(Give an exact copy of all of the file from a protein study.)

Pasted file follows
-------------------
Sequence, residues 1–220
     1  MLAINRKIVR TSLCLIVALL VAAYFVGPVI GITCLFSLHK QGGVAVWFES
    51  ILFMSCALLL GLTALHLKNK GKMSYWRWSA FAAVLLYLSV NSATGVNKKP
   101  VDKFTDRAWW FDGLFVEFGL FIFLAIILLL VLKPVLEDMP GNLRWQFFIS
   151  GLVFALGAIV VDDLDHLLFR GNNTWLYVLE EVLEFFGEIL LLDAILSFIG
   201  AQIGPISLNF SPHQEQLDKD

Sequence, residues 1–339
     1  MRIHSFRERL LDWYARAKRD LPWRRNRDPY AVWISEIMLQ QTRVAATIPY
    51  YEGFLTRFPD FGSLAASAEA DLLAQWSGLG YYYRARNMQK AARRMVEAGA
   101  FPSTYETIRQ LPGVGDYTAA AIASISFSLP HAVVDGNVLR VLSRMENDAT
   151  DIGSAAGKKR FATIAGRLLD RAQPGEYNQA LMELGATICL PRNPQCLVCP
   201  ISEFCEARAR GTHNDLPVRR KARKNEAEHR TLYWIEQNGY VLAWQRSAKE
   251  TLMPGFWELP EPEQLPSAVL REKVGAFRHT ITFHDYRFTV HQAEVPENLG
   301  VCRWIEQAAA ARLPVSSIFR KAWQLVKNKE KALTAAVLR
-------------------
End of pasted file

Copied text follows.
Sequence, residues 1–220
     1  MLAINRKIVR TSLCLIVALL VAAYFVGPVI GITCLFSLHK QGGVAVWFES
    51  ILFMSCALLL GLTALHLKNK GKMSYWRWSA FAAVLLYLSV NSATGVNKKP
   101  VDKFTDRAWW FDGLFVEFGL FIFLAIILLL VLKPVLEDMP GNLRWQFFIS
   151  GLVFALGAIV VDDLDHLLFR GNNTWLYVLE EVLEFFGEIL LLDAILSFIG
   201  AQIGPISLNF SPHQEQLDKD

Sequence, residues 1–339
     1  MRIHSFRERL LDWYARAKRD LPWRRNRDPY AVWISEIMLQ QTRVAATIPY
    51  YEGFLTRFPD FGSLAASAEA DLLAQWSGLG YYYRARNMQK AARRMVEAGA
   101  FPSTYETIRQ LPGVGDYTAA AIASISFSLP HAVVDGNVLR VLSRMENDAT
   151  DIGSAAGKKR FATIAGRLLD RAQPGEYNQA LMELGATICL PRNPQCLVCP
   201  ISEFCEARAR GTHNDLPVRR KARKNEAEHR TLYWIEQNGY VLAWQRSAKE
   251  TLMPGFWELP EPEQLPSAVL REKVGAFRHT ITFHDYRFTV HQAEVPENLG
   301  VCRWIEQAAA ARLPVSSIFR KAWQLVKNKE KALTAAVLR